Look before you leap

It has been a long time since I’ve posted and there is so much to discuss. The continued industrialisation of the technology stack, the automation of radicalisaton online, the impacts of physical isolation in accelerating adoption, the ethics of choice against the ethics of care or the entire question of how to balance “Me” vs “We” in a modern society? There is so much to choose from that it’s difficult to know where to start. But start I will and I suppose a bugbear is as good a place as any. My bugbear for today is digital sovereignty.

I’ll need to explain what digital sovereignty is and that task is about as easy as explaining what culture is, something that anthropoligist have failed to do in over one hundred years of concerted effort. To make matters worse, I’m going to have to use culture to explain digital sovereignty. I’m already starting to regret my decision to leave my self imposed exile on twitter to return to a bit of blogging. …

Off the beaten track — pivot.

It has been a few months since my last discussion on culture. To recap, the difficulty I have with discussing culture is the inability of people to describe it. As Kroeber said “Despite a century of efforts to define culture adequately, there is no agreement among anthropologists regarding its nature.”

Margaret Mead wisely noted that “Language is a discipline of cultural behaviour” and that’s our open door because any model cannot be complete and true within itself (Kurt Gödel’s Incompleteness Theorem). …

On the inclusive and exclusive nature of values

In my previous post on HS2 (High Speed Rail) to China, I discussed the necessity for using multiple methods when managing any large complicated system that contains evolving components. Taking from Elizabeth Shove’s work on social practice theory, I examined how within a single meaning (such as “project management”) you can have different competencies (agile, lean and six sigma) each of which are individually suited to a different material instance (genesis, product, commodity) of a single “thing” which has a common meaning (e.g. compute, teleportation, risk management).

In other words “project management” (a meaning) for a “thing” (a meaning) can result in the use of very different competencies depending upon how evolved that thing is. …

On the changing world of geopolitics.

There has been a lot of gnashing of teeth recently over the Government decision to involve Huawei in 5G and China’s National Rail company in HS2 (High Speed Rail) with endless concerns over human rights, exploitation of labour and security. There are many subjects being muddled together here, so let us start by unpacking this all. First up, HS2 and the question of outsourcing.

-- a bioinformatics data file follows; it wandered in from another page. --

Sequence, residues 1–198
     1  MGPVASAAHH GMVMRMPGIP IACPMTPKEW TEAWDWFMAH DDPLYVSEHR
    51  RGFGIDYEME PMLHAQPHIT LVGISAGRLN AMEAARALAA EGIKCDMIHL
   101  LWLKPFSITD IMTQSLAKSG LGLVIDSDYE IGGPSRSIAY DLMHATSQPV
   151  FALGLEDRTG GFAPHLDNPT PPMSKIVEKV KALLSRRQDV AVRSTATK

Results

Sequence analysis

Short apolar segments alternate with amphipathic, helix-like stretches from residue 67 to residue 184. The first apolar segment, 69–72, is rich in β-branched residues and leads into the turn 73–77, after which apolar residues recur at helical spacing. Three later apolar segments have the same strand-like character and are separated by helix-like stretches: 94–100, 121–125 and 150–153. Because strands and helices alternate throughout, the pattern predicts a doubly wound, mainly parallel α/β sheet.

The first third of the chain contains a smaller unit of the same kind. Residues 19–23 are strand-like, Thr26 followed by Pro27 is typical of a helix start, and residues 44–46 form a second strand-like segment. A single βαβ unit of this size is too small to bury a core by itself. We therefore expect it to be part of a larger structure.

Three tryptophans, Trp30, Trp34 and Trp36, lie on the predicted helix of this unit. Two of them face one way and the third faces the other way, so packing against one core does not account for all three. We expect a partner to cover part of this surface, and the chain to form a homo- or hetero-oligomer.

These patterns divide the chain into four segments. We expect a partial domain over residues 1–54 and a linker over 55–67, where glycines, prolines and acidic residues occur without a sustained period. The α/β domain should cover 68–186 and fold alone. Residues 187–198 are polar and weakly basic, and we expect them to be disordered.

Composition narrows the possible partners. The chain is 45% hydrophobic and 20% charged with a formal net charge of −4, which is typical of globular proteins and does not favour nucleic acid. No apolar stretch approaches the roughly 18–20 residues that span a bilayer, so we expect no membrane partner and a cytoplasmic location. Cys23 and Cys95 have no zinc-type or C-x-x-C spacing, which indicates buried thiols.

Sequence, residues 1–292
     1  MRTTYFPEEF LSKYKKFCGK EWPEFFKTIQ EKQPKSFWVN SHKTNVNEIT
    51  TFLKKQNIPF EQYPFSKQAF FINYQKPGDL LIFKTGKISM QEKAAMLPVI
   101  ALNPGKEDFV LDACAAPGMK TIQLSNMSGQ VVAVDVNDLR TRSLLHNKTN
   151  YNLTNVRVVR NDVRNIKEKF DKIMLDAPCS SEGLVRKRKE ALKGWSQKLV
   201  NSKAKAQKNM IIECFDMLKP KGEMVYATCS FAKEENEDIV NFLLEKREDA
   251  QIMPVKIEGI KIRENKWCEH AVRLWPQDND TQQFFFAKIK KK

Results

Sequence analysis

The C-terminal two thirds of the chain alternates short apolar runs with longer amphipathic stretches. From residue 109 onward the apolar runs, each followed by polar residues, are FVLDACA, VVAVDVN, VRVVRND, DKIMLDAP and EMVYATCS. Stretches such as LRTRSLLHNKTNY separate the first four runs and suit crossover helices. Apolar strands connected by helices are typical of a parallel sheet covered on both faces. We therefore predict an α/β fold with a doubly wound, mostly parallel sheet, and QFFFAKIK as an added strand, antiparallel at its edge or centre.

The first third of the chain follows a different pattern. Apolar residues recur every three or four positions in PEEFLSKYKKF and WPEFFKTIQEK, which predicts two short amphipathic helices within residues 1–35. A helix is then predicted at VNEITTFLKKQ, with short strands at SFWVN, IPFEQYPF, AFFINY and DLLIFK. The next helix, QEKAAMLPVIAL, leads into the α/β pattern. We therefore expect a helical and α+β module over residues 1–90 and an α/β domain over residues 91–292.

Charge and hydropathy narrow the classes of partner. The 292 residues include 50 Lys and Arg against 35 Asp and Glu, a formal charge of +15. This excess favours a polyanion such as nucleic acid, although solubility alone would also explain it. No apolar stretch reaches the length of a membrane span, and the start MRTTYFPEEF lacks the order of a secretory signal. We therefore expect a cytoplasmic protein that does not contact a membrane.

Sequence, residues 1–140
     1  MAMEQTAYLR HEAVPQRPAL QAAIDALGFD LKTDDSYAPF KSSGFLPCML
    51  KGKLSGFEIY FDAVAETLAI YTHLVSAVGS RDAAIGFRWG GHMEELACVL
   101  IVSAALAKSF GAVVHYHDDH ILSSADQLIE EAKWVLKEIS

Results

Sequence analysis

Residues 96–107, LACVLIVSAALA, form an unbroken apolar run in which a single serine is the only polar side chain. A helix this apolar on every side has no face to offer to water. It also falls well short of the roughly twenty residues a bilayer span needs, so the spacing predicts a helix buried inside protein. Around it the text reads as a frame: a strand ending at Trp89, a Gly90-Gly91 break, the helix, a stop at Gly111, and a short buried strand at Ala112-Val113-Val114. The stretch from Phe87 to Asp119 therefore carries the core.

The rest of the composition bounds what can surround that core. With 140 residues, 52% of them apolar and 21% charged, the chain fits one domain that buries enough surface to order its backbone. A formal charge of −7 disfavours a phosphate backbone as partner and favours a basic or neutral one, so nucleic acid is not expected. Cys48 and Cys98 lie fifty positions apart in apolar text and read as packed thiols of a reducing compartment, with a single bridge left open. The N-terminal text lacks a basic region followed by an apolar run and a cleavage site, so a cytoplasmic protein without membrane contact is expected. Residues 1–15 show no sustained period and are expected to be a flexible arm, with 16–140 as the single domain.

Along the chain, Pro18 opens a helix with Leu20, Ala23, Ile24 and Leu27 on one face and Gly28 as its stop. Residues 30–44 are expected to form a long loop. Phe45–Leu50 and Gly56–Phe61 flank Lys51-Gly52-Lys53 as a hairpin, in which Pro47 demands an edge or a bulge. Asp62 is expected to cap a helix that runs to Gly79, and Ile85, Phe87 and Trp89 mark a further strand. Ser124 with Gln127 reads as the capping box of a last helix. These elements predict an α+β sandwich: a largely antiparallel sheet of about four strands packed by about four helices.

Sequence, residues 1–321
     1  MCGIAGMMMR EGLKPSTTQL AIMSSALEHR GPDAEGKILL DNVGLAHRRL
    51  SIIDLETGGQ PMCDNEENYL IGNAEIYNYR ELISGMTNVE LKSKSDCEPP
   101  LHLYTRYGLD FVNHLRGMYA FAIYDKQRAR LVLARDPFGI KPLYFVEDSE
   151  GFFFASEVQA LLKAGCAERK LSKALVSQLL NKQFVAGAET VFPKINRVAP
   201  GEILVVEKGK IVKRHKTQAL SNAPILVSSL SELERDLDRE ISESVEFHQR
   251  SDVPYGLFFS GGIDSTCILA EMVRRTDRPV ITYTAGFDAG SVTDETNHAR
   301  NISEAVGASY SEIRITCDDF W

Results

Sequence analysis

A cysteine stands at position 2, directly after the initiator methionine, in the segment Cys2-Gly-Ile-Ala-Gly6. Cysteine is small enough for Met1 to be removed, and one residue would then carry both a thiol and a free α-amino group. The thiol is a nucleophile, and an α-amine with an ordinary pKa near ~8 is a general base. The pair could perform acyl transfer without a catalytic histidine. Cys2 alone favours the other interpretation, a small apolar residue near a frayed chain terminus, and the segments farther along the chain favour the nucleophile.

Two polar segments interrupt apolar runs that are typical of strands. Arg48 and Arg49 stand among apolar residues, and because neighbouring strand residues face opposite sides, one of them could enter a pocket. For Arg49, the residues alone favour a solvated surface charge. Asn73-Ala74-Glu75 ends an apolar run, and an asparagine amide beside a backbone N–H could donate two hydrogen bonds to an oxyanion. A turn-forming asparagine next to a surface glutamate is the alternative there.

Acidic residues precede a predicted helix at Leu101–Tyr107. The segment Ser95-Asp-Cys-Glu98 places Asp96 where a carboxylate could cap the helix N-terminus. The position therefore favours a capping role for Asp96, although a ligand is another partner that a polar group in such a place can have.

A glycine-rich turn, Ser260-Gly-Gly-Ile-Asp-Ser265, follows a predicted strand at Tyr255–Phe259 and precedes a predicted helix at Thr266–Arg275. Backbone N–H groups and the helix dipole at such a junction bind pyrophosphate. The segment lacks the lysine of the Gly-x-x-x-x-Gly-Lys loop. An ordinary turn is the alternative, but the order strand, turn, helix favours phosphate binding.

HS2 and Outsourcing.

James Findlay was the former CIO of HS2 and he had a problem. In order to reduce the risks of HS2, a decision was taken to build the entire railroad in a virtual world, a sort of early “digital twin” circa 2012. …

Off the beaten path — Part VI

On memory

From the earlier sections, I hope we now have a basic grasp of concepts like values, principles, enablement systems and the general map of culture. Of course, it’s quite a lot of ground to cover, so how much you understand probably depends upon how much you remember and when it comes to culture, nothing matters more than memory.

Within any collective, the values we espouse and the principles we hold are embodied in the written history and the living memory of its members (see point 1, figure 1)

Figure 1 — Collective memory.

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This is why, if you wish to change the culture of any organisation then you need to change the experience of its member and that experience means dealing with past memory. It’s not enough to simply say words but instead action and the memory of action is required. Memory unfortunately is a very fickle thing, it’s a faulty but incredibly useful system. In the seven sins of memory Daniel Schacter highlighted known areas of failure which include…